Employer access to personal e-mail case demonstrates need for internal controls on IT searches

Employers who are regulated by privacy legislation need to reckon with privacy commissioner oversight in conducting searches of their work systems for evidence of misconduct. This is the clear lesson from the recent and much-discussed Calgary Police Service order of the Alberta OIPC that dealt with the service’s unauthorized access to an employee’s personal e-mail account.

The facts are simple. The service embarked on an internal sexual misconduct investigation that included a review of an employee’s work e-mail account. It conducted a search for the word “password” as a matter of protocol because the sending and receiving of passwords through e-mail is indicative of a number of common IT security problems. The service found a message to an outsider containing the employee’s password to her personal e-mail account, a communication the service said “seemed odd.” Given the employee had also sent “snippets” of confidential service records to others internally, the service accessed the personal account on a theory that the employee was leaking confidential information through the personal e-mail account. It happened to find evidence of work-related sexual misconduct and used it to discipline the employee. The employee later complained to the OIPC under Alberta’s public sector privacy legislation.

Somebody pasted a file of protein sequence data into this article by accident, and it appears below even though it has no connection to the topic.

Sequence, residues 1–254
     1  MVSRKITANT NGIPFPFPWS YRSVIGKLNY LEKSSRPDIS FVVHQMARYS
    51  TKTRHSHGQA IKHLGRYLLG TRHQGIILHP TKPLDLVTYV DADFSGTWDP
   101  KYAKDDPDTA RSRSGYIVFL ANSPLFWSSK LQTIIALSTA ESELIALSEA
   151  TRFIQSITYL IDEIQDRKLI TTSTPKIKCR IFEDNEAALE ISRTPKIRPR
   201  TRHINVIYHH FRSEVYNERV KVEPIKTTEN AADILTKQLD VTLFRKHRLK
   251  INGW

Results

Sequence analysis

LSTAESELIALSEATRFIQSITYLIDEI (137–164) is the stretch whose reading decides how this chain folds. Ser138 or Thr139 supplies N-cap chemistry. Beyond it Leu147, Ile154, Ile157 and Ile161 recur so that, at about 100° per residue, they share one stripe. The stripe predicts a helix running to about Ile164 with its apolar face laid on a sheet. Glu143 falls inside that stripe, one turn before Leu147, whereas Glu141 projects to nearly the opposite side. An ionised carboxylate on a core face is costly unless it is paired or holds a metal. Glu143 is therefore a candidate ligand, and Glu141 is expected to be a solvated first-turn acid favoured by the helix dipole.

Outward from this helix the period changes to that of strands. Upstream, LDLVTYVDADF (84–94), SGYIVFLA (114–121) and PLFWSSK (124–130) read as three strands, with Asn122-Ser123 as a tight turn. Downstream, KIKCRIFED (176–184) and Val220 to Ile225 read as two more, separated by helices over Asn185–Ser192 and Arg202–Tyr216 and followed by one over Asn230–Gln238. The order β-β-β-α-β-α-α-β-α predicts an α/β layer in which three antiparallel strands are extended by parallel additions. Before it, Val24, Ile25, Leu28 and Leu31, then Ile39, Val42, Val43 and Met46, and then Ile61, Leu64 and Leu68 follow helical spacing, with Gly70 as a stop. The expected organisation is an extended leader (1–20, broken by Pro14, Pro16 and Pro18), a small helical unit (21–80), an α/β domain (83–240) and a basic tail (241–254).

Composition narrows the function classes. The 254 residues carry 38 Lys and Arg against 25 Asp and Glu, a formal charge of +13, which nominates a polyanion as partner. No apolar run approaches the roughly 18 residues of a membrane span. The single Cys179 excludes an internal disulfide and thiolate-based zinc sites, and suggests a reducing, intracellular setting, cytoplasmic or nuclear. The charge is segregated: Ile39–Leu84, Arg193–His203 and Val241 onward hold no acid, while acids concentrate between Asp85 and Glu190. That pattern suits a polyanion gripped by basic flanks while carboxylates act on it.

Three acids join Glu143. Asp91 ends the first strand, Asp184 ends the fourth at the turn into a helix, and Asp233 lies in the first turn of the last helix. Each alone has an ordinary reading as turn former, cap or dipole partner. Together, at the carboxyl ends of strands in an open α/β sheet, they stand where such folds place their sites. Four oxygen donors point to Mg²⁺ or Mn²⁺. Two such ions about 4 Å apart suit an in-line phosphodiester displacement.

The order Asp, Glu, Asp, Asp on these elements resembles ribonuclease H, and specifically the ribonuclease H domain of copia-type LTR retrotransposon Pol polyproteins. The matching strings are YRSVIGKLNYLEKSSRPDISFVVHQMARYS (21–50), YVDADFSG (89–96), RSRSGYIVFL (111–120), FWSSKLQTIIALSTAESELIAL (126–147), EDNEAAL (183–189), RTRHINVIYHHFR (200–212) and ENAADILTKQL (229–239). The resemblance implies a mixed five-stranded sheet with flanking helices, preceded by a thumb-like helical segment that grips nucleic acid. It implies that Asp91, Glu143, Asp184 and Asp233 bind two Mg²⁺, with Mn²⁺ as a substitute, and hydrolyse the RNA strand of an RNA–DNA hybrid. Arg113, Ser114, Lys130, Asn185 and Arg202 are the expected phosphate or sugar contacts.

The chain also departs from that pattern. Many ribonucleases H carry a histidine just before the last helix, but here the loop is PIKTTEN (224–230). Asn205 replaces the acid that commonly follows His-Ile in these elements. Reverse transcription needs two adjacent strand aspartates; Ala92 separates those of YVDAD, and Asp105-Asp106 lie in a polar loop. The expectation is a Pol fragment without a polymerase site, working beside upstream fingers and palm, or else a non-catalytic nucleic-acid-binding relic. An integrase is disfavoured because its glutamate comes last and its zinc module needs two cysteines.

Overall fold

The OIPC was not impressed with the service’s professed basis for using the password to access the employee’s personal account, particularly given the investigator had no mandate to determine whether the employee had committed a breach of confidence. It upheld the employee’s complaint.

The result is no surprise. Taking a step in an investigation as intrusive as gaining unauthorized access to a personal e-mail account based significantly on the discovery of a communication that “seemed odd” is problematic. The record shows that the service was clearly on a fishing expedition, and despite the OIPC’s finding, its approach still signals respect for management’s right to investigate. The OIPC says, for example, “It might be policy for IT to check for data leakage whenever a Public Body employee is being investigated for inappropriate email or computer use, but this cannot extend, without cause, to an employee’s personal email account.”

The simple lesson from the case for employers who are subject to employment privacy regulation – far from all employers – is to develop and implement controls to structure the process of searching work systems for evidence of misconduct. Who authorizes a search? What’s the scope? What routine searches should be conducted? What should the investigator do if he or she finds evidence of wrongdoing that is out of scope? Who is responsible for securing evidence and how? Organizations should have clear answers to these questions before embarking on an IT search.

Order F2012-07 (April 30, 2012).

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